A Guide to common O-Ring failures
A Guide to common O-Ring failures
No matter if you are using O-rings for industrial use, a hobby project or for household maintenance, there are a variety of reasons as to why they can fail.
In order to help you understand why, and how to spot the differences in failures we have created an easy-to-follow guide that can help you prevent them in the future.
Abrasion O-Ring Failure
The most common failure for O-rings, abrasions occur when there is constant contact between its surface and the housing. This causes excessive friction between the two components, which can lead to lacerations or breaking.
O-ring abrasions are usually easy to spot, as you can see surface suffers from anything from grazes to deep breaks. Simply looking at the O-ring or running your finger over the surface should identify the abrasion.
To prevent them it is critical to correctly lubricate the seal. By maintaining a well-lubricated sealing system, the friction is reduced and O-rings will be able to last longer without receiving surface damage. Selecting the right O-Ring lubricant for your specific needs will extend the life of the seals.
An example of O-Ring abrasion is pictured below.
o-ring totally seals failure nitrile abrasion silicone viton
UV Degradation O-Ring Failure
When O-rings are constantly exposed to Ultraviolet light, the molecular structure of the seal can be disrupted, causing cracks and leading to sealant failure.
The first way to detect UV exposure on an O-ring is discolouration. As the UV rays continuously bombard the seal, the colour will begin to fade, then will turn to cracks or even disintegration if not changed.
The best way to protect against UV’s negative effects are to select O-rings that are created to withstand the rays, such as EPDM O-rings. A good example of this in action is the fact that hosepipe and pressure washer manufacturers generally use EPDM seals to withstand seasonal conditions in gardens.
o-ring totally seals failure nitrile UV degradation silicone viton
Chemical Attack O-Ring Failure
O-rings are regularly exposed to a wide range of chemicals and some materials can be broken down by the harmful solvents. With some rubbers, as the polymer cross-link density is increased, the O-rings become fragile and hard, reducing its ability to seal properly and eventually leading to breaks.
Different chemicals can have different effects on the O-rings, but the most common signs of chemical breakdown are cracking, decreased flexibility, brittleness, blisters forming, or change of colour.
The most effective way to prevent chemical-based O-ring failure is the select the seal that is right for the application. Some O-rings, such as Nitrile (NBR) and Viton (FKM), are better able to handle chemical interactions.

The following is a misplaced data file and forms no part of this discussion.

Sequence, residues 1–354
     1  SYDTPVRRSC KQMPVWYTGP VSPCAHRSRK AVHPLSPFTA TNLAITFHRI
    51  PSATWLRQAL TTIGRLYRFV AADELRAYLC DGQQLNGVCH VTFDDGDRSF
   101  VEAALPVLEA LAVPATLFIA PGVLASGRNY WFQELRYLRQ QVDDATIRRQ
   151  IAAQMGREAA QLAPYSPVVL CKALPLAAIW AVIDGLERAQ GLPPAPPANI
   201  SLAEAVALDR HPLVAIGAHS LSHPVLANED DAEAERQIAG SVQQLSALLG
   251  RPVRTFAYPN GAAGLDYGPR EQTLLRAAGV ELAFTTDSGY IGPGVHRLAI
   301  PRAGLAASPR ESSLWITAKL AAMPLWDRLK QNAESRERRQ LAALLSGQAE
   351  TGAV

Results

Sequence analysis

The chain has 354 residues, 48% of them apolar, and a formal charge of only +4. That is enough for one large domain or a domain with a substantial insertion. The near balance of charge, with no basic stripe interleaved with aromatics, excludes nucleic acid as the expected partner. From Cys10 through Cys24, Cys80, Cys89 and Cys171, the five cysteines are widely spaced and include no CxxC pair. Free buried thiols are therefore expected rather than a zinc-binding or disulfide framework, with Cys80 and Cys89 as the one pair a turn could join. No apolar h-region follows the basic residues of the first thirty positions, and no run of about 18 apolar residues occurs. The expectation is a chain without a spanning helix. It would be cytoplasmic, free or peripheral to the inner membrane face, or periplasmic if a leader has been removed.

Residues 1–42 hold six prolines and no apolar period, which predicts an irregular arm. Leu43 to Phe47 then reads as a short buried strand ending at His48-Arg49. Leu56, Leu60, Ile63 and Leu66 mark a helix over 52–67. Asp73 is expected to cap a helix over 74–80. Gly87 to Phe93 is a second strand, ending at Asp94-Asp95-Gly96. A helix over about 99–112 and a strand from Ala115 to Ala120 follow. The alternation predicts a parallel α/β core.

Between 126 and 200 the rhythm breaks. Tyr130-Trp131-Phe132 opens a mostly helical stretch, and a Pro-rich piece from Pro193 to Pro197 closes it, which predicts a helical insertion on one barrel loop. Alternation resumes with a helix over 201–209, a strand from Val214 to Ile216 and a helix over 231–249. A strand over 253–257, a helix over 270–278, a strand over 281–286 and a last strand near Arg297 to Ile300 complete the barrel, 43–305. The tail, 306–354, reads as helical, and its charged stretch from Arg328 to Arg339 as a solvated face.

o-ring totally seals failure nitrile chemical attack silicone viton
Thermal Degradation O-Ring Failure
Because O-rings are developed to handle high levels of thermal expansion, often times the volume of the seal will grow larger than the materials around it. When this occurs, the O-ring can expand into clearance gaps, leading to failure and leakage.
When thermal degradation causes O-ring failure, the seal will lose its round shape. The edges can become frilled as the O-ring outer surface is damaged or there can be small “nibbles” taken out of the edges. The O-ring will also take the shape of the groove, allowing you to easily see that the heat has caused the failure.
o-ring totally seals failure nitrile thermal degradation silicone viton
Nibbling and Extrusion O-Ring Failure
When high pressure puts regular stress on the O-ring, it can cause extrusion that forces the seal into the clearance gap. When this happens, the O-ring can get trapped in the edges of the mating surfaces, damaging the edges in a manner called “nibbling”.
The O-ring will appear to have its edges nibbled off, with small chips or frilled edges common.
To prevent extrusion, you will need to select a harder material that can withstand pressure. Also, making sure that the O-ring has the perfect fit, decreasing the clearance gaps, will lower the chances of extrusion.
o-ring totally seals failure nitrile nibbling extrusion silicone viton
Spiral O-Ring Failure
When an O-ring is placed in an environment where there is a reciprocating motion, there can become spiralled cuts into the seal. This can be caused by a number of factors, but most common are uneven surface finishes, a lack of lubrication, excessive friction or an installation error.
Spotting a spiral O-ring failure is quite obvious. When you look at the seal you will notice several cuts on the seal at a 45-degree, or spiral, pattern.
To prevent spiral O-ring failure, you will most likely want to replace the damaged seal with ones that have higher shore hardness. Alternatively, you may need a seal with a different profile, that is able to fit the surface better and withstand higher stress levels.
Expert Tip: If spiral seal failure occurs, look at the surrounding materials to determine if an uneven surface finish has caused the damage.
o-ring totally seals failure nitrile spiral silicone viton
Installation O-Ring Failure
If a seal is improperly installed, then there is a significant chance that it can fail during application. Whether the O-ring is installed in an unclean environment, lacks proper lubrication or is sized incorrectly, it can suffer from “skiving”, or damage to its surface.
When an O-ring is damaged due to installation, there will often be visible cuts and notches on the surface. All surrounding components will remain functional and undamaged, with only the O-ring suffering.